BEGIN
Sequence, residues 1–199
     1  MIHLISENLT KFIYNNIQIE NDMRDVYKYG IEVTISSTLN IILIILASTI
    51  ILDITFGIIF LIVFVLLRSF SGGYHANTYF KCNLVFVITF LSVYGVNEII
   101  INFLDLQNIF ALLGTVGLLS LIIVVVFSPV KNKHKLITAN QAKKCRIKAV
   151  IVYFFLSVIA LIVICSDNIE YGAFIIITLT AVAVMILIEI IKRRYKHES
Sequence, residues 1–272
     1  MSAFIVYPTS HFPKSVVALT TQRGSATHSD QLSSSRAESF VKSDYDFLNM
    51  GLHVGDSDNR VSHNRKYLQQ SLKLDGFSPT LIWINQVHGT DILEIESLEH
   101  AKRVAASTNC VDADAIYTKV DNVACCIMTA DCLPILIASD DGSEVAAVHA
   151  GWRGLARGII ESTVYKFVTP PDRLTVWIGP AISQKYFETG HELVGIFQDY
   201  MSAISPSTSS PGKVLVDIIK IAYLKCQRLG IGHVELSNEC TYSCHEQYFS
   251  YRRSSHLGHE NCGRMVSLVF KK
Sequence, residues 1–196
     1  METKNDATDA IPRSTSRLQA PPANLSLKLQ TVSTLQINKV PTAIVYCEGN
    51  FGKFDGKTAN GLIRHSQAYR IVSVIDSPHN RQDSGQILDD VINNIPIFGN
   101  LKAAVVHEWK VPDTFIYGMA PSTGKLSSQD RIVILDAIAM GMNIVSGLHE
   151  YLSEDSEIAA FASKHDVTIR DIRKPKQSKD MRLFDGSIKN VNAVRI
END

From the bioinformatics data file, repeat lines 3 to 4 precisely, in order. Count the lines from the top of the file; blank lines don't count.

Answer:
    51  ILDITFGIIF LIVFVLLRSF SGGYHANTYF KCNLVFVITF LSVYGVNEII
   101  INFLDLQNIF ALLGTVGLLS LIIVVVFSPV KNKHKLITAN QAKKCRIKAV